USS Kidd

Discussion in 'Full Scale' started by Anachronus, Apr 13, 2010.

  1. Anachronus

    Anachronus Well-Known Member

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    Over the weekend I made a long delayed visit to the USS Kidd. She is a fine example of how a museum ship should be done. She's a Fletcher class destroyer commissioned in 1943 and has been restored to her WW2 appearance. The ticket for the ship and the museum is $8.00 for an adult (which I am even though I rarely act it) and is well worth it. She is afloat for roughly 6 months of the year, depending on the level of the Mississippi river, the rest of the time she rests on a specially designed cradle.
    The high point of the visit was being greeted by one of the men who had served on the Kidd during WW2. He was a fascinating gentleman and seemed to enjoy talking to visitors. On the ship you are given a guide pamphlet and then are free to wander on your own.
    I recommend it as a side trip for visitors to the 2011 Brouhaha or if you are in Baton Rouge.
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    Now some interior shots
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    Wardroom

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    Steering Gear
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    Model of USS Tennessee in the museum. In 1/96
     
  2. Tugboat

    Tugboat Moderator RCWC Staff

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    The Tennessee would be awesomein 1/72 with everything armed :)

    Nice looking destroyer, too, could be sitting pierside at any Navy base, as good as it looks! Where is it?
     
  3. Anachronus

    Anachronus Well-Known Member

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    Baton Rouge. The highlight of the Louisiana Veteran's Memorial Museum. I really can not comment too much on the museum. It was near closing time and I spent most of my time on the Kidd itself. They do also have a A-7 and a P-40E done up in AVG markings.
     
  4. Anachronus

    Anachronus Well-Known Member

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    A few more pictures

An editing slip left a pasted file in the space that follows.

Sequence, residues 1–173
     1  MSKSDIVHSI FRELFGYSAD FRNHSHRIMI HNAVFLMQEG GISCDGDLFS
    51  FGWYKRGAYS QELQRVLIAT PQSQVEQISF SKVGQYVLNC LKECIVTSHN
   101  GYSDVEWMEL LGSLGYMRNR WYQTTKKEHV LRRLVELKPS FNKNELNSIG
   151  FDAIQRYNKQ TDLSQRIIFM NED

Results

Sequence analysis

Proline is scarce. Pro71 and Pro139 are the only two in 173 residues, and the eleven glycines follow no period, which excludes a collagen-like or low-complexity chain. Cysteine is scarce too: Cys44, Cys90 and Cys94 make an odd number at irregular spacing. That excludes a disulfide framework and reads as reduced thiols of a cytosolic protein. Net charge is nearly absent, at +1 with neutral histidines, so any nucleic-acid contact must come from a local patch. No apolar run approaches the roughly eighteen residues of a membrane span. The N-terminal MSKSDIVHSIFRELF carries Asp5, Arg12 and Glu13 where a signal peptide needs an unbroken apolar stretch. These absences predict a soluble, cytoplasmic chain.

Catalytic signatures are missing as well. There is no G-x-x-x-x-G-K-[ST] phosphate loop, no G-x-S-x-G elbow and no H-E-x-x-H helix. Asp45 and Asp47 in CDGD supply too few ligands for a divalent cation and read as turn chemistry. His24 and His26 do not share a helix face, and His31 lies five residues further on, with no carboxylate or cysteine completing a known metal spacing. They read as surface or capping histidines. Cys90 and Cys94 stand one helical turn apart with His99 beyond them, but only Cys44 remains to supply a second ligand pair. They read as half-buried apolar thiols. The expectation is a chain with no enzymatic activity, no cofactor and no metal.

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    20mm guns

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    The cradle that keeps the Kidd from floating off. It serves to keep her centered over the supports that hold her up when the river is low.

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    Crew spaces
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    Officers Quarters
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    Workshop
     
  5. Anachronus

    Anachronus Well-Known Member

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    One more [​IMG]
     
  6. Knight4hire

    Knight4hire Member

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    Hmmmmm. that looks like a kittyhawk used by the AAF, not the Tomahawk that was used by the AVG.
     
  7. Anachronus

    Anachronus Well-Known Member

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    I am no expert on such matters. I just go by what the little sign says. :)
    It was noted to be a P-40E.
     
  8. Gardengnome

    Gardengnome Member

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    Nice Pics there! Thanks for sharing! I just may have to see if I can scrounge up my USS Cod ones... I took a year or so ago. That is one REAL nice museum submarine.
     
  9. Anachronus

    Anachronus Well-Known Member

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    Submarines are too cramped for me. I hit my head on things too much on a DD.
     
  10. Knight4hire

    Knight4hire Member

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    Yes, some very nice photos.

    By the way, a little history of the P-40.

    Warhawk was the name the United States Army Air Corps adopted for all models, making it the official name in the United States for all P-40s. The British Commonwealth and Soviet air forces used the name Tomahawk for models equivalent to the P-40B and P-40C, and the name Kittyhawk for models equivalent to the P-40D and all later variants.

    The AVG used the P-40-B model.
     
  11. hairy_apple

    hairy_apple Member

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    I figured I would share my photos of the USS Kidd I took in 2005. I've been on a number of preserved ships, but the Kidd was by far the best preserved and most fun to tour.
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  12. Anachronus

    Anachronus Well-Known Member

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    The time of year really makes a difference. She looks so out of place just sitting there in the air.
     
  13. crzyhawk

    crzyhawk Active Member

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    That's a P-40 E. You can tell by the 6 50's in the wing. The AVG version, as pointed out was the P-40 B, which carried 4 30's in the wings, and two 50's firing through the propeller.
     

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